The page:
It is an exciting time at the Garlic Farm: we are busy with this year’s harvest. Most of the organic garlic is already drying in the barn. Now that waiting begins.
After garlic is harvested it needs to be cured, and curing takes time. During the process of curing, the energy from the leaves goes into the bulbs as they dry. We leave the roots attached to the bulbs as they have a moderating effect on the drying rate. If you try to speed up the process of preserving garlic, by for example leaving it in direct sunlight, you can destroy your garlic crop. So we wait.
You can of course eat garlic at any stage of its development – baby garlic and scapes are both wonderful and uncured garlic has a juicy, fresh taste. But curing is essential to its longevity in the pantry. We also believe that the flavors develop and mature, like fine wine. In cured garlic, you can distinguish among the different flavors of garlic varieties. All varieties of garlic when eaten fresh at harvest have a similar, young taste – like that of beaujolais nouveau.
Curing garlic is the process by which the outer leaf sheaths and neck tissues of the bulb are dried. Warm temperatures, low relative humidity, and good airflow are conditions needed for efficient curing…Curing is essential to obtain maximize storage life and have minimal decay.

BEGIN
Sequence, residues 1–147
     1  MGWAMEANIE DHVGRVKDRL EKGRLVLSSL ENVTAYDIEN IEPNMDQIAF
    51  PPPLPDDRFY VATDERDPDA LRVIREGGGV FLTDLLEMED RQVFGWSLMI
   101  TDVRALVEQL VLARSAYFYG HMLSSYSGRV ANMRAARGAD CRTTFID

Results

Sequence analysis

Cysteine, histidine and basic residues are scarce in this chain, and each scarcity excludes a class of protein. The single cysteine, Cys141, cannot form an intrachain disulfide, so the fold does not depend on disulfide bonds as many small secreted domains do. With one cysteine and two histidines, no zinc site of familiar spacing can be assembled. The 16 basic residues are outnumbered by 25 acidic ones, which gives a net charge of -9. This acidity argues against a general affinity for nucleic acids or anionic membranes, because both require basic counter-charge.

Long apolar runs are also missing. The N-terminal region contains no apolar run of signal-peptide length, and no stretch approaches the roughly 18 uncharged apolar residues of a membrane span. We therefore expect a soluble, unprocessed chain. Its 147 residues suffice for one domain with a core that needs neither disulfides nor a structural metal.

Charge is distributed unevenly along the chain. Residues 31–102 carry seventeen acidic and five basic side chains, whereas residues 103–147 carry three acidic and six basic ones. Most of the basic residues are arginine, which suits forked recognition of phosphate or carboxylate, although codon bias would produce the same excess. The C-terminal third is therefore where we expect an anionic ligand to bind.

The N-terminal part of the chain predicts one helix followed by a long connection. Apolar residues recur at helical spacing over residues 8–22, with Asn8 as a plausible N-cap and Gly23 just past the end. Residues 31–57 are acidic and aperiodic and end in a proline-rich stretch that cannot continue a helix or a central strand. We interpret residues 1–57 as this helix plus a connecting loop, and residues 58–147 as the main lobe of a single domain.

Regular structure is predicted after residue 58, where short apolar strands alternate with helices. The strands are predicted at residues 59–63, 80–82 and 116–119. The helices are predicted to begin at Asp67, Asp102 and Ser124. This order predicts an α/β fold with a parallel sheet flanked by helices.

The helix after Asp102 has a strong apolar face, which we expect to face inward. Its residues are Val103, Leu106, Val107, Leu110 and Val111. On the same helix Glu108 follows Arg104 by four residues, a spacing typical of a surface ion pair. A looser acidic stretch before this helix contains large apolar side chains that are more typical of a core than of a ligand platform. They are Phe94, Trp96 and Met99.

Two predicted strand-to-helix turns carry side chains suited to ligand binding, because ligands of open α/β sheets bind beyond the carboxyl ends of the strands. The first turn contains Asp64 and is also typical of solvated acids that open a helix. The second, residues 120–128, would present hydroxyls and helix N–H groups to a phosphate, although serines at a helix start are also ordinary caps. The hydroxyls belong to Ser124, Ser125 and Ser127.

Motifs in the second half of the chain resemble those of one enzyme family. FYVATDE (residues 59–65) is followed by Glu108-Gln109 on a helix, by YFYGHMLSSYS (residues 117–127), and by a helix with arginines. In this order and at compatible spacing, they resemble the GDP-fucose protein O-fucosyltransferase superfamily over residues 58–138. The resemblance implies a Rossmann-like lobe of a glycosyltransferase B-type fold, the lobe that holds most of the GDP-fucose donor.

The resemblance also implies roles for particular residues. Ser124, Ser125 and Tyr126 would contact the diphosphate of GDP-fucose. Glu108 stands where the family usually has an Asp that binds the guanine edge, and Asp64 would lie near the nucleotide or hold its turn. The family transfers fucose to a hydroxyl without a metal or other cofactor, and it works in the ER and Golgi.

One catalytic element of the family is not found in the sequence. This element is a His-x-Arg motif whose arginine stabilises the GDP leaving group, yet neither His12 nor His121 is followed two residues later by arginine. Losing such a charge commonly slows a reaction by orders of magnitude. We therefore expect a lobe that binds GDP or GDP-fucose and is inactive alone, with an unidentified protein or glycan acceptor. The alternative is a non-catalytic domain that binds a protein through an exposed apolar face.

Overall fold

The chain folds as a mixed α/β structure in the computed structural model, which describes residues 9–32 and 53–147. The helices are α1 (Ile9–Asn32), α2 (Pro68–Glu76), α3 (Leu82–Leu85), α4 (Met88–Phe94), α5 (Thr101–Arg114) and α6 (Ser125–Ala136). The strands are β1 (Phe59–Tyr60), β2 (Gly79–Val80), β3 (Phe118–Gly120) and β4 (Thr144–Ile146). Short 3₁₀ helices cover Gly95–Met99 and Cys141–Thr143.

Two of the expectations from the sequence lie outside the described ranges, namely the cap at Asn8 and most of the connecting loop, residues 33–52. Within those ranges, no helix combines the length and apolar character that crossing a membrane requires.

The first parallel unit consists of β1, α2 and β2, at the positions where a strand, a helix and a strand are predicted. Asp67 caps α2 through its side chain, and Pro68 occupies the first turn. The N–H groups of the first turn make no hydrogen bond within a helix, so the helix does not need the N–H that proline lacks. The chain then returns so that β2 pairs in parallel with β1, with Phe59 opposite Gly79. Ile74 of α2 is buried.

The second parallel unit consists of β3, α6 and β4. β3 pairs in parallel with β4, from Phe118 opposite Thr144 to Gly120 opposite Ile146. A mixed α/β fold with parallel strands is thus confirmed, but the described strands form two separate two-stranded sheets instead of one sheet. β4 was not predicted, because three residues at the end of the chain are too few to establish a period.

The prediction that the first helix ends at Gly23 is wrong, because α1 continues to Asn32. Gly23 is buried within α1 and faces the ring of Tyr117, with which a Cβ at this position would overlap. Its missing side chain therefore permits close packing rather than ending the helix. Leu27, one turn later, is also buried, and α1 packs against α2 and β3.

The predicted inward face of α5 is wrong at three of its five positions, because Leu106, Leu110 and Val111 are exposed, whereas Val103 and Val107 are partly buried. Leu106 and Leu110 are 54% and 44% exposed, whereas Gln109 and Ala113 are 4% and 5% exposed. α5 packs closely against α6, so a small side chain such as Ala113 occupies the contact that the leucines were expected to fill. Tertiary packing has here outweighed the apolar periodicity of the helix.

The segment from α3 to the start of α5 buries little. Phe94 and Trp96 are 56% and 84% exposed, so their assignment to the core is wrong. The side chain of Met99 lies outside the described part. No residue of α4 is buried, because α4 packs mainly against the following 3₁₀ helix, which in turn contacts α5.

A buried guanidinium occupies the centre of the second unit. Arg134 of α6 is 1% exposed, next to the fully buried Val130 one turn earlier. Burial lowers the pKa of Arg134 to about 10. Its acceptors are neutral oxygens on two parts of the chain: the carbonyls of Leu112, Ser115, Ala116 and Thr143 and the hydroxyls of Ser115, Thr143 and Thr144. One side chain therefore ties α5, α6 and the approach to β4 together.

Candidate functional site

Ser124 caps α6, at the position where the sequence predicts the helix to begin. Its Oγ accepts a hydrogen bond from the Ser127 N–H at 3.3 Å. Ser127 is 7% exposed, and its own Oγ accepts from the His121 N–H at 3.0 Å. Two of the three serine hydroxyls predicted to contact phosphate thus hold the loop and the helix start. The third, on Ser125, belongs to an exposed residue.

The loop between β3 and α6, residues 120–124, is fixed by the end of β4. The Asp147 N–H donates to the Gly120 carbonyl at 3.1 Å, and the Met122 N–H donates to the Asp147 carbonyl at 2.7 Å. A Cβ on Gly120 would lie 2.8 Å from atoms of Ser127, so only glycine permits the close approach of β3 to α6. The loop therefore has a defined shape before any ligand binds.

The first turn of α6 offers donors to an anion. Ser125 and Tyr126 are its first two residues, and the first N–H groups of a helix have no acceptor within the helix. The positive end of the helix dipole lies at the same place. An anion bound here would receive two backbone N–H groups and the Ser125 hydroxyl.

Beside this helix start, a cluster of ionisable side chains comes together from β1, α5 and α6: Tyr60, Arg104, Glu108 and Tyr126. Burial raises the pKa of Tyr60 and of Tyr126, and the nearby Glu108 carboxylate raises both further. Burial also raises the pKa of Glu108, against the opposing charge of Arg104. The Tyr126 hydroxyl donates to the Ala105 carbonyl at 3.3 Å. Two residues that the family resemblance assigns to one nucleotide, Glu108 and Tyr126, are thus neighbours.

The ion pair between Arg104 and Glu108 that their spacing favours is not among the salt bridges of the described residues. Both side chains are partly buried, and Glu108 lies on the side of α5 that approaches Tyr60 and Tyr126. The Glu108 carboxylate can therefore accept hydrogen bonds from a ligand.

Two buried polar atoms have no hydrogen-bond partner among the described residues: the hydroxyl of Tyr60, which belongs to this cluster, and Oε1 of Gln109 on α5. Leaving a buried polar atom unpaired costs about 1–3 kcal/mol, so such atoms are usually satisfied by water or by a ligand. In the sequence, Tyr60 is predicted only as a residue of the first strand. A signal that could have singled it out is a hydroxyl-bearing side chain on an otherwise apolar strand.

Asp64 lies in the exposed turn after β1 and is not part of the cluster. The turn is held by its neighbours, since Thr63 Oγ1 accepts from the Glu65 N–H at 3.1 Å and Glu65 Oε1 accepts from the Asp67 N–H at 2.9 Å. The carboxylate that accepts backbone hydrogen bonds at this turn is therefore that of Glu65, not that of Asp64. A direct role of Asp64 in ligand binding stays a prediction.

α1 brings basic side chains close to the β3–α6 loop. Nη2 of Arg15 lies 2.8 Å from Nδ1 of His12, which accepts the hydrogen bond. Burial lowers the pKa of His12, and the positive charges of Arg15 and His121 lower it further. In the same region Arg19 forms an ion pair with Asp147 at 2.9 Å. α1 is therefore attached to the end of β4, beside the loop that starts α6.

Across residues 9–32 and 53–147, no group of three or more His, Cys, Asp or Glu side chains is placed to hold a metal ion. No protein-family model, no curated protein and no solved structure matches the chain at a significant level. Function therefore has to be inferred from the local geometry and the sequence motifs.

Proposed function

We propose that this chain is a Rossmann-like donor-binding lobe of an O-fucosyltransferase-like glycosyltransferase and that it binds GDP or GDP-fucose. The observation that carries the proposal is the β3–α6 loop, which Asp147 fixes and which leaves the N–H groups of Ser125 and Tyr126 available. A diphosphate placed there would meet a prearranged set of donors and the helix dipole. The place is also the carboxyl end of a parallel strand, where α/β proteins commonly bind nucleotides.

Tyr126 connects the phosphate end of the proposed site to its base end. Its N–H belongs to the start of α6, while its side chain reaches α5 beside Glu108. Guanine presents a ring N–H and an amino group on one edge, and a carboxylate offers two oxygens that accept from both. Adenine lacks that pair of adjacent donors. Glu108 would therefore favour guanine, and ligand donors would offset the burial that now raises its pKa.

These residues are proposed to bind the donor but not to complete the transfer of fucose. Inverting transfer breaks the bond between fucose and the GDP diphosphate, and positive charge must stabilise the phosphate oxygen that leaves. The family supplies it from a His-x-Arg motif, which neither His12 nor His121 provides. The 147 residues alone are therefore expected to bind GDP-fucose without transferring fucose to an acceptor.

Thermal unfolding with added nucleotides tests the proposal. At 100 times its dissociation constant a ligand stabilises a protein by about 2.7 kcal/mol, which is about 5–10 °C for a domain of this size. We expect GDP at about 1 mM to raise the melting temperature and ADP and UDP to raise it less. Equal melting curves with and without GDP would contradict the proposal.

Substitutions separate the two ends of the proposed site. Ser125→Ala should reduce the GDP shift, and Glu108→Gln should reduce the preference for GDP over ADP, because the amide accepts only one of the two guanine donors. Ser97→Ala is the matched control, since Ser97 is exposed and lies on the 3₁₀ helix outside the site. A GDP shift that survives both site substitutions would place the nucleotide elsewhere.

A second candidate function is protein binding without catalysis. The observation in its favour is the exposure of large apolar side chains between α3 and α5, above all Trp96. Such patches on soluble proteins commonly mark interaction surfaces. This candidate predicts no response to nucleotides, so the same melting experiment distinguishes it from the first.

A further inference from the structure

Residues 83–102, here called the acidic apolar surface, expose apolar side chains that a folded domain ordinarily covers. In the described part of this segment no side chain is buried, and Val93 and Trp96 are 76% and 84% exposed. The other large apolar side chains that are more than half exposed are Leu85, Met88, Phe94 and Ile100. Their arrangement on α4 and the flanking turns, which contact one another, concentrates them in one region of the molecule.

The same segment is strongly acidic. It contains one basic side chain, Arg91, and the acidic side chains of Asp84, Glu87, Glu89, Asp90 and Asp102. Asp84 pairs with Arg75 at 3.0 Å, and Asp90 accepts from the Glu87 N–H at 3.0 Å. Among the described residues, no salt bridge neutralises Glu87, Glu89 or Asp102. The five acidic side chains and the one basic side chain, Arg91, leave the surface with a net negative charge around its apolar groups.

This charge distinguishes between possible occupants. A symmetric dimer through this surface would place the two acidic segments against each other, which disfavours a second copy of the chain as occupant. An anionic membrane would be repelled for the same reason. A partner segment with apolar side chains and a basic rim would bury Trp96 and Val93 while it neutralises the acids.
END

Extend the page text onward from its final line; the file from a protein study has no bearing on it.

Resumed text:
Garlic flavor is due to the formation of organosulfur compounds when the main odorless precursor alliin is converted by the enzyme alliinase to allicin and other flavor compounds. This occurs at low rates unless the garlic cloves are crushed or damaged. Alliin content decreases during storage of garlic bulbs, but the effect of time, storage temperatures and atmospheres has not yet been well documented. (postharvest.ucdavis.edu)
The reason for this ‘lack of documentation’ is consumption. Before the hands of time can crush it, all the good garlic is usually devoured. We’ve heard that organic garlic loses its punch over time, but we never had the patience to wait that long!